However, by parking on private property you are accepting the terms and conditions of doing so. The requirement to show a blue badge when parking in disabled bays is reasonable and clearly a condition to park there.

The charge isnt questioning the OPs physical fitness, its making a reasonable charge for breach of conditions (not displaying a blue badge when required to do so) and therefore breach of contract.

The OP could ignore it and take the risk they wont bother with court action, but its really not worth the hassle if they do.

My advice, FWIW, is appeal as already recommended, if its turned down pay the fee and take it as lesson learned.
The op posted this,


I think this has been discussed before, but advice is needed. I parked in a Tesco supermarket in a disabled bay. I did not display my disabled badge, and got a penalty notice. I received a "fine" for £70 reduced to £30 within 14 days. What really happens if I refuse to pay, or ignore, or what do I need to do to appeal. It is a firm on the BPA.

I answered thus, their terms must be fair and be within the law, what the op does with information is up to him,
I would inform them that I had a blue badge


Often private car parks have signs demanding drivers display a blue badge when using the disabled parking bays, or risk getting a parking ticket. However, just because someone does not hold (or does not display) a blue badge does not mean they are not disabled; the Equality Act does not require the driver to display any sort of badge or permit. Anyone who fits the lawful definition of disability is entitled to make use of the ‘reasonable adjustments’. What they are in effect doing is adding arbitrary rules to the lawful right of someone to use a ‘reasonable adjustment’, and this could be considered a breach of the Equality Act.
At Parking Cowboys we hear of people being issued parking tickets for not displaying blue badges; either because they have forgotten to display them, or because they do not have one. So what should do? The simple answer is to tell the parking attendant, or appeal stating that you have a legal right to use the space, and provide any evidence you may have. At that point, the parking company should not pursue the charge since it would then be disability discrimination under the Equality Act. In short, don’t stand for such behaviour. If you are registered disabled and you are unfairly issued a parking ticket then fight back!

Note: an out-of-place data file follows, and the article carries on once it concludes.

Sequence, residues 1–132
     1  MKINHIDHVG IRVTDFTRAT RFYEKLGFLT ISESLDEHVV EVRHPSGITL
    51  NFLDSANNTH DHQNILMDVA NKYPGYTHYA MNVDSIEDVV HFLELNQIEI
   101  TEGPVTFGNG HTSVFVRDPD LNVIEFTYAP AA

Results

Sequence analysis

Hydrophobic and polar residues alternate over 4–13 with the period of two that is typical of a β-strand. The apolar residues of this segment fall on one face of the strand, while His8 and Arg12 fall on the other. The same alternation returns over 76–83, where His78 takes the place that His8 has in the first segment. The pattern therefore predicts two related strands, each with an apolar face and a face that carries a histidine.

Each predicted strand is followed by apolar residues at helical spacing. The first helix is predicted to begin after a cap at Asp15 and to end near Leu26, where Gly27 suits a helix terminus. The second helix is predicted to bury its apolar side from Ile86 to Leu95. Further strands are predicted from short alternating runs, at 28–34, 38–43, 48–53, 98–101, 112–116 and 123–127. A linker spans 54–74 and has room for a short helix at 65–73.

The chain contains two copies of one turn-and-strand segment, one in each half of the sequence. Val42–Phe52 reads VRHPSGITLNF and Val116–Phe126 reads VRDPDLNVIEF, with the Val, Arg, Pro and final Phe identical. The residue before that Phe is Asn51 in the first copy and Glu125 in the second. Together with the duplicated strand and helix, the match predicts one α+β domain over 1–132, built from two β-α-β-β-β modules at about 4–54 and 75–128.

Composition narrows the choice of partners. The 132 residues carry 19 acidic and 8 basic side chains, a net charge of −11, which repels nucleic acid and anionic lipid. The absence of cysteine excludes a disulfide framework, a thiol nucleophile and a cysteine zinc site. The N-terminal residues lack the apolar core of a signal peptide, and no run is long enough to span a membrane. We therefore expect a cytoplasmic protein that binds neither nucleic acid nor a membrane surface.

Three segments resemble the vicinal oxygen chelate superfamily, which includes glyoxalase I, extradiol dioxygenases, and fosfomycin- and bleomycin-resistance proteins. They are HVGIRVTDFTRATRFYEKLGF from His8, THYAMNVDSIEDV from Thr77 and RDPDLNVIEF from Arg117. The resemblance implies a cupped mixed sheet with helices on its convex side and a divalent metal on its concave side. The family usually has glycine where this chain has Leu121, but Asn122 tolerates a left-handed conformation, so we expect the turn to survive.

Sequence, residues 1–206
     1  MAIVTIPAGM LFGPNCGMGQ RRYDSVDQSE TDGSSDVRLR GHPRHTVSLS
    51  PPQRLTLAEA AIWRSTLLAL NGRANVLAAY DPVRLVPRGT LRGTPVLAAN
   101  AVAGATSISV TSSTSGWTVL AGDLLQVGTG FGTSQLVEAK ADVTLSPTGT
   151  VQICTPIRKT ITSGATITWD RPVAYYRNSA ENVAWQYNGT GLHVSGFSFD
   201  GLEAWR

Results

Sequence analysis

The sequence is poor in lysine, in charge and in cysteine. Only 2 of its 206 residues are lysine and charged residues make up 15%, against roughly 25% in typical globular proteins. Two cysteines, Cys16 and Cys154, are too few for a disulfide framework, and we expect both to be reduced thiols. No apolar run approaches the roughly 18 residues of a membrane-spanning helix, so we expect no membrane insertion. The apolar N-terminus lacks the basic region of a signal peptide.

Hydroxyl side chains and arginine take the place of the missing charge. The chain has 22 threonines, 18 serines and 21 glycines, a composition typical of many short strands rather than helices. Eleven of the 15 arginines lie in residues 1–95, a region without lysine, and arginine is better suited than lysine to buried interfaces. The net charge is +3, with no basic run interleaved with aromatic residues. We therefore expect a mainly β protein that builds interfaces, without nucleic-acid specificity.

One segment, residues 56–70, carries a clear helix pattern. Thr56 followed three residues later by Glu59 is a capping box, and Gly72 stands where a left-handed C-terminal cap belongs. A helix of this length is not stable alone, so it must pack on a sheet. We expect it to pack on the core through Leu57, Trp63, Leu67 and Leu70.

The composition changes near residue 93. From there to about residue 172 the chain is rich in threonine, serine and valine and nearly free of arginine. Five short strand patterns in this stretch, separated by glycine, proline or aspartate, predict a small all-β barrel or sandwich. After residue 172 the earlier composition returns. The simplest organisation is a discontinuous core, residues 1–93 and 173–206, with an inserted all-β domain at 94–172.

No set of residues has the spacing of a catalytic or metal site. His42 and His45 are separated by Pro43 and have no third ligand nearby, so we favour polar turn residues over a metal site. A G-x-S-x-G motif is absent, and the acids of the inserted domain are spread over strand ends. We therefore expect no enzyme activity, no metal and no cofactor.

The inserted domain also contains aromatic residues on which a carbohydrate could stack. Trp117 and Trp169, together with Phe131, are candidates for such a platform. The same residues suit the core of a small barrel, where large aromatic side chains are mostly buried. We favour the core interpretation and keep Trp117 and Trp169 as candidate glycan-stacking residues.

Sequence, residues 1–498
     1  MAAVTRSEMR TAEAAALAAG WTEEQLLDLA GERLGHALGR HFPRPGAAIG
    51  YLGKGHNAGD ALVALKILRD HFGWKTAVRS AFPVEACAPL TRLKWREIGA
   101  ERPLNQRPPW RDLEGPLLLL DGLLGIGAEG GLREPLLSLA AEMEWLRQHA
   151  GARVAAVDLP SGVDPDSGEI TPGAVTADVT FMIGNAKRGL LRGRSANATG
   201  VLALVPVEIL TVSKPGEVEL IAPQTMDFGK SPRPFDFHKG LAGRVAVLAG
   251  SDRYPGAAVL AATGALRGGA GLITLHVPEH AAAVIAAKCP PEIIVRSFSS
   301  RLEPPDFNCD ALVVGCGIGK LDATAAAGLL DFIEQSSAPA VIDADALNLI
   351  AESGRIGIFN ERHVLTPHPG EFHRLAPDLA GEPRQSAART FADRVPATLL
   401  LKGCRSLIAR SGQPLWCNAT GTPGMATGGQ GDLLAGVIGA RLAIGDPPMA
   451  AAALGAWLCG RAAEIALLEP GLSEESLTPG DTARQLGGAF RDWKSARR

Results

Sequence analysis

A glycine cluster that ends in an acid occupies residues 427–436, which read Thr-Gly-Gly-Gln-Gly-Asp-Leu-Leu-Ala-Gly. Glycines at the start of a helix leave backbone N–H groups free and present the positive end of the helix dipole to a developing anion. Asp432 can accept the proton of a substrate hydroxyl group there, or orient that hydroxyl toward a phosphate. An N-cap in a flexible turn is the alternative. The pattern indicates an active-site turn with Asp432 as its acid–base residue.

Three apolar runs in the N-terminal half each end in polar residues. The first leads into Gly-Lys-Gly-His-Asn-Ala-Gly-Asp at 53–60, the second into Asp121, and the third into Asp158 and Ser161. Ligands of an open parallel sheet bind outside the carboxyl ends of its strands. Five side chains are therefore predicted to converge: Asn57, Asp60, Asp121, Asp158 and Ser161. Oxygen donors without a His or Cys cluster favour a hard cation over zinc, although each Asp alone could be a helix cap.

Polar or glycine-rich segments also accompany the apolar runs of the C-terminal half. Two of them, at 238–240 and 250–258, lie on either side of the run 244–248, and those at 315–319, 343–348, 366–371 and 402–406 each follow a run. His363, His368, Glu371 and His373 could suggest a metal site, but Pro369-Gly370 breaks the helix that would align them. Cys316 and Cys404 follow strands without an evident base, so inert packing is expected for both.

FORMER_FYRDMAN

LE
Book Reviewer
The fun option is to send a note to the CEO in Upper Case and coloured green saying: "I WILL DOUSE YOU IN PETROL AND THE LAST THING YOU SEE WILL BE A LIGHTED MATCH!". The sensible option is to get in touch with them, prove that you're a genuine spaz and invite them to be reasonable.
 

cowgoesmoo

Old-Salt
The op posted this,


I think this has been discussed before, but advice is needed. I parked in a Tesco supermarket in a disabled bay. I did not display my disabled badge, and got a penalty notice. I received a "fine" for £70 reduced to £30 within 14 days. What really happens if I refuse to pay, or ignore, or what do I need to do to appeal. It is a firm on the BPA.

I answered thus, their terms must be fair and be within the law, what the op does with information is up to him,
I would inform them that I had a blue badge


Often private car parks have signs demanding drivers display a blue badge when using the disabled parking bays, or risk getting a parking ticket. However, just because someone does not hold (or does not display) a blue badge does not mean they are not disabled; the Equality Act does not require the driver to display any sort of badge or permit. Anyone who fits the lawful definition of disability is entitled to make use of the ‘reasonable adjustments’. What they are in effect doing is adding arbitrary rules to the lawful right of someone to use a ‘reasonable adjustment’, and this could be considered a breach of the Equality Act.
At Parking Cowboys we hear of people being issued parking tickets for not displaying blue badges; either because they have forgotten to display them, or because they do not have one. So what should do? The simple answer is to tell the parking attendant, or appeal stating that you have a legal right to use the space, and provide any evidence you may have. At that point, the parking company should not pursue the charge since it would then be disability discrimination under the Equality Act. In short, don’t stand for such behaviour. If you are registered disabled and you are unfairly issued a parking ticket then fight back!

I don't understand why being disabled means you have legal right to do whatever you want on someone elses property and ignore the T&Cs of the contract you entered when using the car park??
 

endure

GCM
The sensible option is to go here where they deal with this (and many other legal questions) all the time and have a high rate of success.